That team’s catcher was Doug Allison, a Philadelphian, no doubt lured here by the goetta.

 - This back handed compliment makes me the most enraged. Yes, the Hall of fame is nice. Philly could have placed one in their stadiums instead they built a jail to house the fans. I guess when you hold the distinction of losing the most games in the history of any American sport, what the hell are you going to put in a hall of fame? I can’t believe you come to Cincinnati and have the gall to critique the ballpark when you are too cheap to even enter the museum. Some sports fan you are. And while we are talking about players, remember when the Reds lent the Phillies Pete Rose? He helped you win your first ever world series after being the worst team in baseball for almost 100 years. I am sure he was lured there by the integrity and quality of the journalism. 

 

Some ballpark musings

Unlike Citizens Bank Park, where the concession stands all have Philadelphia-themed names, they don’t fuss with such things here. Two side-by-side kiosks were called “Beer and Liquor” and “Beer Only.” In one area of the main concourse, they were conducting a Cornhole Challenge. I didn’t bother to inquire further.

 - What kind of an asshat doesn’t know what cornhole is? This statement alone dates you, this is a game invented here that is enjoyed around the country.  Maybe the Food Network should do a special on it. My favorite part about Citizens Bank Park is the area known for one of the greatest Phillies ever Ashburn Alley.  This is the place to find those fancy kiosks for the “fans” that go to the ballpark to not watch the game.  Leave it to Philly to name irrelevant pieces of the park after some of their favorite sports icons.  On the second level there is a restroom and the third urinal is known as Mike Schmidt zone.

 

It’s hard to call a ballpark with a replica steamboat in center field unimaginative, but Great American is maybe the least special of this new generation of baseball-only stadiums. It’s as if they cut a hunk out of Riverfront and dropped it into a new footprint, dressing it up with more and better concession stands, a single deck in right field, and a steamboat.

 - You rip on the Steamboat when your ballpark has a giant blinking Liberty Bell? Are you serious? The Steamboat functions as a meeting area, a party deck and a stage for the smokestacks that are freaking awesome. The Bell functions as a beacon for degenerates to come and be miserable that they are not living in NY. It also serves as a guide for the Philly fans to run to when they decided to run onto the field and get tased.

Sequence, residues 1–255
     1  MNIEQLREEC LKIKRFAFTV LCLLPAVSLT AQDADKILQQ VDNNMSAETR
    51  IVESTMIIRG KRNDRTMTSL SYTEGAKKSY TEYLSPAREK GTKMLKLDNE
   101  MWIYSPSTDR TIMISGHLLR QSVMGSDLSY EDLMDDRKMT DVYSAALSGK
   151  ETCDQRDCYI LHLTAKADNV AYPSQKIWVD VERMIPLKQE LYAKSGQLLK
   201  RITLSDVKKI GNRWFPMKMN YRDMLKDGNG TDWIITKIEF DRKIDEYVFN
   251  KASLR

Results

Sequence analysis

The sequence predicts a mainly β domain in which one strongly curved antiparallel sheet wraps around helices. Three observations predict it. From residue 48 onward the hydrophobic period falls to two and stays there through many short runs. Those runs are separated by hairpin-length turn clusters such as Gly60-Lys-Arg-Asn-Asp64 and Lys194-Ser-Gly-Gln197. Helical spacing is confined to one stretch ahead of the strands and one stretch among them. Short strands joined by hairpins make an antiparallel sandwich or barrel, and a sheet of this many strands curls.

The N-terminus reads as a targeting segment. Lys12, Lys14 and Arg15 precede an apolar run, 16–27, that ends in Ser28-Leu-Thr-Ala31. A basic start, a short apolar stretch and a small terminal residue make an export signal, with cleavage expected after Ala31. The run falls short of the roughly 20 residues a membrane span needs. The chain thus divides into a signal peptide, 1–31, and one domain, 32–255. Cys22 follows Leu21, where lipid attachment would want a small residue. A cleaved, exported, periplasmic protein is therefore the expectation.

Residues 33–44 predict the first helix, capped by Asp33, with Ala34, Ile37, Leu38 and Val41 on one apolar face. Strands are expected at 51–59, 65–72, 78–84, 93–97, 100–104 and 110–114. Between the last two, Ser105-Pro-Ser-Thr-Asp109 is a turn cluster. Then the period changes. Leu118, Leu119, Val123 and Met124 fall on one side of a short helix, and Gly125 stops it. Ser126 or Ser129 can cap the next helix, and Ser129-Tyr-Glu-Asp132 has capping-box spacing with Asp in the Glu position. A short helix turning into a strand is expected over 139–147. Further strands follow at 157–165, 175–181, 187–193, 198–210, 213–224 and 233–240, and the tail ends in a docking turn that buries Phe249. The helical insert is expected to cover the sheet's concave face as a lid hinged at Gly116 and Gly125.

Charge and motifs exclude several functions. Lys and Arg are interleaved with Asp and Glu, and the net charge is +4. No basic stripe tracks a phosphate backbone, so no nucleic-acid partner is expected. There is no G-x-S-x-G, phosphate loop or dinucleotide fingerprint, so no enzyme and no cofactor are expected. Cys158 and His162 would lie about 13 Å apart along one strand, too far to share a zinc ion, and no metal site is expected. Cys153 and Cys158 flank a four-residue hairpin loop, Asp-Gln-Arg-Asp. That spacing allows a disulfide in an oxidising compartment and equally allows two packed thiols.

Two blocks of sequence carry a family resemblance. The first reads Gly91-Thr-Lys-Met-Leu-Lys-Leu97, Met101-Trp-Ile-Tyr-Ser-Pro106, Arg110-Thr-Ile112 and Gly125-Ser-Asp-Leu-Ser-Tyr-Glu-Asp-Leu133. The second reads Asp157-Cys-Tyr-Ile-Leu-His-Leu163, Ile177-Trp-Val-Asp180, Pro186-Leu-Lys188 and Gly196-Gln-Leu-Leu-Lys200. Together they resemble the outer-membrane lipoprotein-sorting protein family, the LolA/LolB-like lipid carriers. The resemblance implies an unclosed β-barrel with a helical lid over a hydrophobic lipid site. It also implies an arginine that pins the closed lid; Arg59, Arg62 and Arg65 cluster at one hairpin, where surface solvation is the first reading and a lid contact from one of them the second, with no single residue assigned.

things overheard before the game

1. An usher in right field urging a group of beer-drinking young men to behave themselves because Cincinnati would be in the national spotlight.

“I love Cincinnati. I could have lived anywhere, but I stayed in Cincinnati.”

Yes, cities all across the United States are desperate for those with the ability to wipe off a seat.

 - Wow, you really are an elitist piece of shit. Are you angry because you are employed in a profession that is being replaced by blogs? Cities all across the United States have more of a need for seat wipers than for sports writers for a dying media.

 

2. One of the young men in that group explaining Philadelphia’s fans to another: “They threw batteries at Santa Claus. Who does that?”

 - Philly fans also throw batteries at players, who outside of Cleveland does that?  When you rank anywhere with Cleveland fans than you know you are bottom of the barrel. Forget about the 700 level where Philly fans go to fight and piss on each other. They boo Santa Claus, and their own players. They constantly interrupt the game by running on the field. It seems like they do everything at the ballpark except watch the game. For 3 innings the other night I saw a woman behind home plate engaged in conversation with the people behind her. She had no clue what the hell was happening in the game.  There were even fans in the stands wearing McNabb jerseys.

 

5. One female fan to another: “This is the first time I’ve been here. I love the Redlegs.”

 - Again, ragging on someone who may not be able to afford to go to every game. It is not like having a press pass and getting your free food is it? At least we have a female friendly environment, not like Philadelphia where the “Hot Pants Patrol” was a solid idea to bring fans to the game.

 

Frank is a Philly native like people from New Jersey say they are New Yorkers.  You are not a Philadelphian if you live in West Chester.